# Decide whether the set is an open subset of $\mathbb{R}$

Okay so I have to determine whether [2,4] and $\mathbb{R}-\mathbb{Q}$ are open subsets of $\mathbb{R}$.

The definition of an open set that I was given is:

A subset U of $\mathbb{R}$ is called an open set if $U=\emptyset$ or if for each $x \in U$ there is an open interval I such that $x\in I \subseteq U$

So with [2,4] I know that it is a closed interval but I'm not sure how to determine if it is an open subset of $\mathbb{R}$.

Could anyone possibly explain why [2,4] and $\mathbb{R}-\mathbb{Q}$ would either be open subsets or not of $\mathbb{R}$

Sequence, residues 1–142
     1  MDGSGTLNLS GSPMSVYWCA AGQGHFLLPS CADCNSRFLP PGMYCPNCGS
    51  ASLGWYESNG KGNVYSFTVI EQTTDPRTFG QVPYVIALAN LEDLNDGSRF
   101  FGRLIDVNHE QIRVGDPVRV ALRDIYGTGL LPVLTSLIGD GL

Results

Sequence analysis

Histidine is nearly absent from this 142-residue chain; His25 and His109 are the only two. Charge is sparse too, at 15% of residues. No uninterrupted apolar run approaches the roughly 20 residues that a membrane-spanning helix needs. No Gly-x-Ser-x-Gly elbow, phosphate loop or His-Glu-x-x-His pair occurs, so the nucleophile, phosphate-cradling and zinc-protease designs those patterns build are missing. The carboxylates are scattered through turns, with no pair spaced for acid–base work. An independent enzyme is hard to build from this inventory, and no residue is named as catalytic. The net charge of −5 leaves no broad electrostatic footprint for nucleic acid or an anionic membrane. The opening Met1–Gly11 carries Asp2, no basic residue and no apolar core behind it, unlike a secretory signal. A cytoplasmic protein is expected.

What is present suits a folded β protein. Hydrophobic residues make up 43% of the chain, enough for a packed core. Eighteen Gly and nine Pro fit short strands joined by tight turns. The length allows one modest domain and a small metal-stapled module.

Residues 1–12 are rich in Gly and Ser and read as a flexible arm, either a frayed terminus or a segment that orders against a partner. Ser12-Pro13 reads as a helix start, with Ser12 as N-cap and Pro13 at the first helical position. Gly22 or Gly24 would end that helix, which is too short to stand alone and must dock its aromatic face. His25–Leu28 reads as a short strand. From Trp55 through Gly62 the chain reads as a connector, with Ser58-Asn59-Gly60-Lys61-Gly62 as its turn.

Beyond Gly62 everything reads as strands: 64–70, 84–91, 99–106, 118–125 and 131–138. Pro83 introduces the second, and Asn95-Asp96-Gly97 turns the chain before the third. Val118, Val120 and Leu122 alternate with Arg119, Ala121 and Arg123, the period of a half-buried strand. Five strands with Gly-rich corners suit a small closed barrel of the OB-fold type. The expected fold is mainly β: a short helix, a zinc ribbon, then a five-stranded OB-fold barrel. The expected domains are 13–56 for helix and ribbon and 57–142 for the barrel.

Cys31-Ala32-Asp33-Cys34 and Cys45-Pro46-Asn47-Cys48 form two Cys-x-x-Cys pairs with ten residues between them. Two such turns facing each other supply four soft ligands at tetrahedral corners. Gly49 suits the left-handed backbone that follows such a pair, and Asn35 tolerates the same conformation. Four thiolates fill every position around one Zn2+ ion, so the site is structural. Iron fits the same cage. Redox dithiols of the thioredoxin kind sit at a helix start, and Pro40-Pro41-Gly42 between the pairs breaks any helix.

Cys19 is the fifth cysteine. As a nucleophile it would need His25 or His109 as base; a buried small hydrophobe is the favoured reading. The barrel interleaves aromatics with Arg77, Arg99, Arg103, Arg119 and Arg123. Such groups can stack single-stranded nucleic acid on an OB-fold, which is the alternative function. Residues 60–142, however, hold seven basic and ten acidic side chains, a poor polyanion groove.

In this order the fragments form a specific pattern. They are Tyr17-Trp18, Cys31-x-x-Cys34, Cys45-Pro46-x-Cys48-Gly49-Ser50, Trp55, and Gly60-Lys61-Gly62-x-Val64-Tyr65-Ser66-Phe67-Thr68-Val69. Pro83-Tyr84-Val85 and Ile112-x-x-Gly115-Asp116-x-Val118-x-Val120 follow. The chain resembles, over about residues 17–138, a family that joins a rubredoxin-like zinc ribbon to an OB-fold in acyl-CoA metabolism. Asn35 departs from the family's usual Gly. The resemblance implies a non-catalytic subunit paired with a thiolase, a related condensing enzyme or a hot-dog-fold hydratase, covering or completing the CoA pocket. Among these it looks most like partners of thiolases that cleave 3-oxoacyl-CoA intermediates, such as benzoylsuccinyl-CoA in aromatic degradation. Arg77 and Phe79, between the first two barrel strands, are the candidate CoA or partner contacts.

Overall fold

• Hint: try to apply the definition at some special points of [2,4]. – Did Sep 25 '13 at 5:31

• Since $2 \in [2,4]$ any open ball with center $2$ will be of the form $(2-\epsilon,2+\epsilon)$.
• Consider an $\sqrt{2}\in\mathbb{R}\setminus\mathbb{Q}$. An open ball will with center $\sqrt{2}$ will be of the form $(\sqrt{2}-\epsilon,\sqrt{2}+\epsilon)$. Now use the fact that $\mathbb{Q}$ is dense in $\mathbb{R}$.
• Does $[2,4]$ contain any open interval $(a,b)$ such that $2\in(a,b)\subseteq[2,4]$? Why?
• Does $\Bbb R\setminus\Bbb Q$ contain any open interval $(a,b)$ such that $\sqrt2\in(a,b)\subseteq\Bbb R\setminus\Bbb Q$? Why?